At the time of final analysis, the median follow-up duration was 40.9 months. Compared with observation, ofatumumab maintenance resulted in significant and clinically relevant improvement in the primary endpoint. Investigator-assessed PFS was 34.2 months (95% confidence interval [CI], 29.7–38.0) for the ofatumumab arm versus 16.9 months (95% CI, 13.0–20.4) for the observation arm (HR, 0.55 [95% CI, 0.43–0.70]; P < 0.0001; Fig. 2a). Assessment of PFS by the independent review committee yielded similar results: 33.6 months (95% CI, 28.0–37.2) for the ofatumumab arm versus 15.0 months (95% CI, 11.4–19.0) for the observation arm (HR, 0.57 [95% CI, 0.46–0.72]; P < 0.0001). When events detected by computed tomography scan were also included, the investigator-assessed PFS was shorter (ofatumumab maintenance 27.5 months [95% CI, 23.0 to 30.2] versus observation 13.1 months [95% CI, 11.6–16.9]; HR, 0.64 [95% CI, 0.52–0.78]; P < 0.0001). The improved PFS did not translate into a difference in OS, and median OS was not reached in both arms (HR, 0.99 [95% CI, 0.72–1.37]; Fig. 2b). As shown in the forest plots (Fig. 3), the PFS benefit was evident in most subgroups, including baseline demographic characteristics (age and gender), response at study entry, type of prior therapy, baseline minimal residual disease (MRD) (Supplementary Fig. 1) and immunoglobulin variable heavy-chain gene (IGVH) mutation status. A clear exception was patients with 17p deletion at relapse on study who did not benefit from ofatumumab maintenance treatment. Although patients with 17p deletion at baseline (i.e., at study entry) seem to benefit from ofatumumab maintenance, this group is very small, precluding robust conclusions. Unfortunately, results of cytogenetic testing performed at the time of original CLL diagnosis were not available.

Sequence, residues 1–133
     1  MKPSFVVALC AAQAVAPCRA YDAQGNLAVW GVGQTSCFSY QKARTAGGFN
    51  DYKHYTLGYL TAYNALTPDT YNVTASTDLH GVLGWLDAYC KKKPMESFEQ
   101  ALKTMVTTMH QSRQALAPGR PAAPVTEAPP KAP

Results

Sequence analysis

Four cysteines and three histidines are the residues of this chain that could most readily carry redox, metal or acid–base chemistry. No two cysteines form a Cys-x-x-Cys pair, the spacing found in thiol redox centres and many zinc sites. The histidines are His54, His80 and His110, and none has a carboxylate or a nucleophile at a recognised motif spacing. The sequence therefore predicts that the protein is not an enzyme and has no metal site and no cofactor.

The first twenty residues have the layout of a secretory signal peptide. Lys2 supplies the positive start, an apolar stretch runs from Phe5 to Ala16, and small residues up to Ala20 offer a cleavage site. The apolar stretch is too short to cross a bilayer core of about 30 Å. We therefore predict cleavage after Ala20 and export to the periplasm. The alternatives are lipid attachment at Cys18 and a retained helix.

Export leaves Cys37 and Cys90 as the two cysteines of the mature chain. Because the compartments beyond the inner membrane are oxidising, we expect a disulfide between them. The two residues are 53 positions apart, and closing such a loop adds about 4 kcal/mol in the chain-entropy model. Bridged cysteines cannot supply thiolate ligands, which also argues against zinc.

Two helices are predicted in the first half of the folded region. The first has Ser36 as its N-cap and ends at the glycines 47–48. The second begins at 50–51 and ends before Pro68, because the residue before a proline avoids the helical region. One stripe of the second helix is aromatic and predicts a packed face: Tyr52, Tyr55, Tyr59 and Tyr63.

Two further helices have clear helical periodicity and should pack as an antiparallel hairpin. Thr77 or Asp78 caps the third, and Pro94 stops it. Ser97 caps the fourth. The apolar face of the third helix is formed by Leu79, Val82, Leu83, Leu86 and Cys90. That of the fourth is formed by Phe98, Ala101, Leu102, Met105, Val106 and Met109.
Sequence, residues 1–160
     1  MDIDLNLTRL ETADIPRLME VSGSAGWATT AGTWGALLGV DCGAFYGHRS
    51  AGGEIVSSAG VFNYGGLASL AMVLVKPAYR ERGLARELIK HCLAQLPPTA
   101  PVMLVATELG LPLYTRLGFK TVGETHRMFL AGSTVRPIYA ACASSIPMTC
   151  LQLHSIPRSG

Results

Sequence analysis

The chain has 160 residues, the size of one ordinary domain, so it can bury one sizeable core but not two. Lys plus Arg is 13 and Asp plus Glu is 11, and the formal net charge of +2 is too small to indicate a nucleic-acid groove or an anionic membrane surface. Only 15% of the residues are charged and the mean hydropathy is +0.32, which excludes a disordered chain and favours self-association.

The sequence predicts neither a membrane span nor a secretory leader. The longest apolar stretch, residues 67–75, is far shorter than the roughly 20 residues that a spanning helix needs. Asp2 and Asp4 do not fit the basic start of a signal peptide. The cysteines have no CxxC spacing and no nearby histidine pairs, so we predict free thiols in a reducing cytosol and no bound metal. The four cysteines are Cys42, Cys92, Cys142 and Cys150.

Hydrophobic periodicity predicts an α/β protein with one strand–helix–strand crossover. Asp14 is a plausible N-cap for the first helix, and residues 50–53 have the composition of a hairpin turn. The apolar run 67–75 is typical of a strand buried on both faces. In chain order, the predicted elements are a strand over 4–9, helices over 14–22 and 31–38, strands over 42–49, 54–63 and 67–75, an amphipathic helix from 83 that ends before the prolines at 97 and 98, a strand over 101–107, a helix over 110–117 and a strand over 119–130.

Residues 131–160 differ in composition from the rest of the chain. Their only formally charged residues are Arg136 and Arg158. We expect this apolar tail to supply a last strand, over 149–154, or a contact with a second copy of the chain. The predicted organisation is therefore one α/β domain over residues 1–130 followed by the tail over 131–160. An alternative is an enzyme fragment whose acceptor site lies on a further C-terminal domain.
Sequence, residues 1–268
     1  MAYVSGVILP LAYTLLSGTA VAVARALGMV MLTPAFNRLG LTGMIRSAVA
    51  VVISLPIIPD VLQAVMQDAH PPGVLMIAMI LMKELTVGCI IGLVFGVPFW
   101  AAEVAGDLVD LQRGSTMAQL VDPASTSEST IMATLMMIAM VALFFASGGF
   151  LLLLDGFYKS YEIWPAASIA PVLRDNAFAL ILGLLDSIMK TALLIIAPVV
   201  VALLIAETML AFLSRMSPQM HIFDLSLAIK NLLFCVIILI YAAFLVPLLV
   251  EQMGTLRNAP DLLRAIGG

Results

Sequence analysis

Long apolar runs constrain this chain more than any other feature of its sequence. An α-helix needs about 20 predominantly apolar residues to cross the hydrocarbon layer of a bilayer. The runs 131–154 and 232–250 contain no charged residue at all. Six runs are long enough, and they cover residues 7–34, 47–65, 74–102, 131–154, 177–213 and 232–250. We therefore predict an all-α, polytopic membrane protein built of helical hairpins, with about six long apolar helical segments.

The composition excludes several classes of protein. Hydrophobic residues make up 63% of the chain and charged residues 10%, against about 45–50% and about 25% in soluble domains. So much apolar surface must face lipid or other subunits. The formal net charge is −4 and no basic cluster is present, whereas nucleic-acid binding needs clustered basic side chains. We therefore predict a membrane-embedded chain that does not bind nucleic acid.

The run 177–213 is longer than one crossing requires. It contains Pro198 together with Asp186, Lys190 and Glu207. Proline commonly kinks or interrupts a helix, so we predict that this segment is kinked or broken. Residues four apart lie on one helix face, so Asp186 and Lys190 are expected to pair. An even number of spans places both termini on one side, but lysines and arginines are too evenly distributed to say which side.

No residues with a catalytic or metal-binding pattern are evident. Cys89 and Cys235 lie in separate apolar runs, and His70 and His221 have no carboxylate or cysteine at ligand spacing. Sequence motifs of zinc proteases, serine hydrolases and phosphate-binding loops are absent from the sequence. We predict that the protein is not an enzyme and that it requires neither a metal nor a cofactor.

Subsequent treatment was administered to 133 (55%) patients in the ofatumumab arm and 155 (65%) patients in the observation arm. Ofatumumab maintenance improved TTNT compared with observation (37.4 months [95% CI, 30.6–42.6] versus 27.6 months [95% CI, 23.5–32.6], respectively; HR, 0.72 [95% CI, 0.57–0.91]; P = 0.004; Fig. 4a). PFS after next-line therapy was defined as the time from randomization to the second objective disease progression or death from any cause, whichever occurred first. Patients who did not progress or die after next-line therapy were censored at their last date of contact. PFS after next-line treatment was not different between the two arms (median not reached; HR, 0.88 [95% CI, 0.49–1.61]; Fig. 4b). Steroids and some antineoplastic agents (i.e., rituximab, cyclophosphamide, chlorambucil) were used slightly more frequently for next treatment in the observation arm. Interestingly, follow-up therapy for the ofatumumab arm versus the observation arm comprised ofatumumab for 1 (<1%) versus 15 (9%) re-treated patients, idelalisib for 5 (3%) versus 11 (7%) patients, ibrutinib for 54 (35%) versus 48 (29%) patients, acalabrutinib for 2 (1.3%) versus 0 (0%) patients and venetoclax for 4 (3%) versus 3 (2%) patients, respectively. Thus, about 40% of patients received novel agents as next-line treatment.